The transcription factor Pax6 is required for pancreatic beta cell identity, glucose-regulated ATP synthesis, and Ca(2+) dynamics in adult mice
Mitchell RK., Nguyen-Tu MS., Chabosseau P., Callingham RM., Pullen TJ., Cheung R., Leclerc I., Hodson DJ., Rutter GA.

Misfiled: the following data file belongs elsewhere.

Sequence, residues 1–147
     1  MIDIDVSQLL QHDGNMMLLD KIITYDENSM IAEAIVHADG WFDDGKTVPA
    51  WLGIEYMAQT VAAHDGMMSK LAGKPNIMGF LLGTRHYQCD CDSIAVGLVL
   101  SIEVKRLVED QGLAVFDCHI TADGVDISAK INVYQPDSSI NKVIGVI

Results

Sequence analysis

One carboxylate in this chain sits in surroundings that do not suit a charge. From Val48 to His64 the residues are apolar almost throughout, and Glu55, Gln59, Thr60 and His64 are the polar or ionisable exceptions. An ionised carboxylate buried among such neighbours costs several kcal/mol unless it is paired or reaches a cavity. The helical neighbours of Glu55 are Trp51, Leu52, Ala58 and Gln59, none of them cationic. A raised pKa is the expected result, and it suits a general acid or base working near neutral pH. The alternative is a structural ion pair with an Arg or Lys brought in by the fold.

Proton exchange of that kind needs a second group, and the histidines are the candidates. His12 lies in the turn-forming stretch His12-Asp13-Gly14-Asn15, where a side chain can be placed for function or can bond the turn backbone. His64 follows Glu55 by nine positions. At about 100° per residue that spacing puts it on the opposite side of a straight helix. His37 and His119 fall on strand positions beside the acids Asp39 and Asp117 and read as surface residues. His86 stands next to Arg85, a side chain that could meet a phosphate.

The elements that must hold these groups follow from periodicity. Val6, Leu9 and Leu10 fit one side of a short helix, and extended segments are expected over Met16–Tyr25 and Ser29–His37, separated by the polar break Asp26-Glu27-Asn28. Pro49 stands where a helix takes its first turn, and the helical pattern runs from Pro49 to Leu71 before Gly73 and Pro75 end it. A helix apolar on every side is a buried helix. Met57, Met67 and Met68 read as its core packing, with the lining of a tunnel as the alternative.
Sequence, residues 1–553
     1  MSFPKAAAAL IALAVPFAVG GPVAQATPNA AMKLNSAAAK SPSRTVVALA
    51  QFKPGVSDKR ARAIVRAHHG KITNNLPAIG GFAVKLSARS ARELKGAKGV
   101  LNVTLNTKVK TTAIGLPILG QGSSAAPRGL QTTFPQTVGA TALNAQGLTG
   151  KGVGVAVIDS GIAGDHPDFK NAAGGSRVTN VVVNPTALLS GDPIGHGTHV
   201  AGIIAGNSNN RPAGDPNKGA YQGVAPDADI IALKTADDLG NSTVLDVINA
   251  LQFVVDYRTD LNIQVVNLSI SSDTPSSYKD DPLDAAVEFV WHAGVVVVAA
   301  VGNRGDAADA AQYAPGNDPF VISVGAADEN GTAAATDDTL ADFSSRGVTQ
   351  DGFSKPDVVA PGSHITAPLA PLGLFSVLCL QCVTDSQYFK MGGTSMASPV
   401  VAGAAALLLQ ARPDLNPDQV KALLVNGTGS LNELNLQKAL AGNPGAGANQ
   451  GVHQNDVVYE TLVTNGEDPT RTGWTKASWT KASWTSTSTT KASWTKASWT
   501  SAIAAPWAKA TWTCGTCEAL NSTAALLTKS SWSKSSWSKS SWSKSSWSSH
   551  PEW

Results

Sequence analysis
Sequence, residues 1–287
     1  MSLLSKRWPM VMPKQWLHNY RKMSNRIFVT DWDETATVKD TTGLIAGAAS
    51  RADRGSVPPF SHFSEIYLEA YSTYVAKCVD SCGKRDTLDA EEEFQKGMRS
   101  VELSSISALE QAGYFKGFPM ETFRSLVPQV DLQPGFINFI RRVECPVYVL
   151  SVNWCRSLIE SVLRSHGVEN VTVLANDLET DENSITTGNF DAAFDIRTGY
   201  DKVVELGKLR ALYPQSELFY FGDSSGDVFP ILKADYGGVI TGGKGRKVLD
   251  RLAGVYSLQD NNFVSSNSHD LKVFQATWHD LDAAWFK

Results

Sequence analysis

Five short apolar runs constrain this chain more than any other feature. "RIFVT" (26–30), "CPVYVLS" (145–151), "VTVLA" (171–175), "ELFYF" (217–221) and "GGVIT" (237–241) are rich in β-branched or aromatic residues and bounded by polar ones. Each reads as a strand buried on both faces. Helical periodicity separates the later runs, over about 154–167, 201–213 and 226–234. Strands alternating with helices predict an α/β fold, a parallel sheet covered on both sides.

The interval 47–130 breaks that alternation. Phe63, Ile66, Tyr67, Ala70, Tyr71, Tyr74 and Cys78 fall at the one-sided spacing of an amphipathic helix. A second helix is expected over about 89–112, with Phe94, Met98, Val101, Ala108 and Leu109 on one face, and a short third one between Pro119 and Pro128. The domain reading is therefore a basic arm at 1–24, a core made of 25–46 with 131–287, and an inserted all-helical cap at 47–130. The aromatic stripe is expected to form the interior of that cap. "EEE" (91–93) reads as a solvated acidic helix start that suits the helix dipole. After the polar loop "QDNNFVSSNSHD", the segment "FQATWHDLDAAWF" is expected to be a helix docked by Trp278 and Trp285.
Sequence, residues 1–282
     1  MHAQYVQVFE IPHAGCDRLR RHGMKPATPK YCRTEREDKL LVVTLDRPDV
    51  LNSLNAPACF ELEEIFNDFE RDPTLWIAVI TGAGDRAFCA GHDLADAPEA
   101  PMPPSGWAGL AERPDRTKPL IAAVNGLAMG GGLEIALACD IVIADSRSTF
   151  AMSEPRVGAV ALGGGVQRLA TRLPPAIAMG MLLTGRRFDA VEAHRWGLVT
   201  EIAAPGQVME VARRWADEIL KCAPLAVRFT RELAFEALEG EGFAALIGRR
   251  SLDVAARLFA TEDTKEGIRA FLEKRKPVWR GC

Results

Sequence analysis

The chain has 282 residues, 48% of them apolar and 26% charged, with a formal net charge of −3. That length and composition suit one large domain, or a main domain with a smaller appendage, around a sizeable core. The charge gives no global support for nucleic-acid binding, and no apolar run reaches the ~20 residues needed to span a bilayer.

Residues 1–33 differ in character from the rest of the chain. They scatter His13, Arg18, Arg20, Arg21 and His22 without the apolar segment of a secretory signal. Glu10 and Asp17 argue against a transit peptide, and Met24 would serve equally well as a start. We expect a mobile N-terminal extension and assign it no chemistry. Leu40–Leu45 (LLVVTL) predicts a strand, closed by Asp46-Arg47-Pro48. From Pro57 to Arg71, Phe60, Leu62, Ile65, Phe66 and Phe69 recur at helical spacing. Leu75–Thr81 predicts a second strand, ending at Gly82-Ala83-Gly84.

Heterozygous mutations in the human paired box gene PAX6 lead to impaired glucose tolerance. Although embryonic deletion of the Pax6 gene in mice leads to loss of most pancreatic islet cell types, the functional consequences of Pax6 loss in adults are poorly defined. Here we developed a mouse line in which Pax6 was selectively inactivated in beta cells by crossing animals with floxed Pax6 alleles to mice expressing the inducible Pdx1CreERT transgene. Pax6 deficiency, achieved by tamoxifen injection, caused progressive hyperglycemia. Although beta cell mass was preserved 8 days post-injection, total insulin content and insulin:chromogranin A immunoreactivity were reduced by approximately 60%, and glucose-stimulated insulin secretion was eliminated. RNA sequencing and quantitative real-time PCR analyses revealed that, although the expression of key beta cell genes, including Ins2, Slc30a8, MafA, Slc2a2, G6pc2, and Glp1r, was reduced after Pax6 deletion, that of several genes that are usually selectively repressed ("disallowed") in beta cells, including Slc16a1, was increased. Assessed in intact islets, glucose-induced ATP:ADP increases were significantly reduced (p < 0.05) in betaPax6KO versus control beta cells, and the former displayed attenuated increases in cytosolic Ca(2+) Unexpectedly, glucose-induced increases in intercellular connectivity were enhanced after Pax6 deletion, consistent with increases in the expression of the glucose sensor glucokinase, but decreases in that of two transcription factors usually expressed in fully differentiated beta-cells, Pdx1 and Nkx6.1, were observed in islet "hub" cells. These results indicate that Pax6 is required for the functional identity of adult beta cells. Furthermore, deficiencies in beta cell glucose sensing are likely to contribute to defective insulin secretion in human carriers of PAX6 mutations.